ASHLAND, Ore. -- Sixteen states filed a federal lawsuit this week, saying the decision to end the Deferred Action for Childhood Arrivals Program is a violation of the constitution.
Immigration attorneys, like Yaschar Sarparast, say they could also be speaking out for financial reasons.
"When they're on the same page, it's saying it's really affecting our individual states economically. And as a result we are willing to take the backlash from the federal government that may come as a result of this lawsuit," Sarparast said.
Some say this issue is personal. Southern Oregon University professor Dennis Slattery said he's taught many DACA students.
"People who were carried across the border who have graduated from this university. It gives me goosebumps talking about it and they have come through education. And we don't give them a lot of support as a country, we don't give them grants and that kind of stuff," Slattery said.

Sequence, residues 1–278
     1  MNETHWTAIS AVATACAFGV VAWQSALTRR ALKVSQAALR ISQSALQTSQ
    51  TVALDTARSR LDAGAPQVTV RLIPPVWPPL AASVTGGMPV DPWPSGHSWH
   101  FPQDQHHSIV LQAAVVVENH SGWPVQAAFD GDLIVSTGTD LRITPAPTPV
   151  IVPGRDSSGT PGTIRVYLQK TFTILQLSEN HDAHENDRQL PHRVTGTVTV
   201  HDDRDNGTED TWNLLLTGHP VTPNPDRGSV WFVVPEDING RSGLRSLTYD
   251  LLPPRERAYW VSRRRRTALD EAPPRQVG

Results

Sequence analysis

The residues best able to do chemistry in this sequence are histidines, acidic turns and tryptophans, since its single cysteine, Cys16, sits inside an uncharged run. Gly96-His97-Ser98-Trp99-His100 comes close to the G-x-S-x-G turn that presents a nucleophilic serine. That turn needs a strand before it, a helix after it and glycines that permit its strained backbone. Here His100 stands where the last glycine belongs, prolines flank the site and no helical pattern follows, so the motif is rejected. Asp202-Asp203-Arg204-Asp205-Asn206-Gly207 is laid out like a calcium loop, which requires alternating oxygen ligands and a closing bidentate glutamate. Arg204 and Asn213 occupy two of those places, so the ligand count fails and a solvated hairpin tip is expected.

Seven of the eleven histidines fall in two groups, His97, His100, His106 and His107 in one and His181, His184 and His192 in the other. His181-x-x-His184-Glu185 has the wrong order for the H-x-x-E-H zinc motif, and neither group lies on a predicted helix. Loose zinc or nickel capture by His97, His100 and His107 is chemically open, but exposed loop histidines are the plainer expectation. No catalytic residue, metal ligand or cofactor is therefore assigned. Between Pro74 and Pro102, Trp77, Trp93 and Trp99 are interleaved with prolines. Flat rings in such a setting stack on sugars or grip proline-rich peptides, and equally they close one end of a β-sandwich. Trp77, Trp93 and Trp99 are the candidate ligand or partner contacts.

The professor said one of these students is now working in the community.
"He has just become a citizen. I'm so proud of that progression. And I think that's the kind of people we want to continue to come here and encourage to come here," Slattery said.
Although attorneys say following the decision that Deferred Action for American Parents is unlawful, there is legal grounds for the Trump Administration's decision. Moving forward, Sarparast said immigration reform is the answer.
"All these executive programs are band-aids. Everybody agrees left and right that there needs to be a reform, a lasting reform, in the form of legislation," Sarparast said.
Federal officials said DACA recipients can use their work permits until they expire, and those that expire before March 5th can be renewed.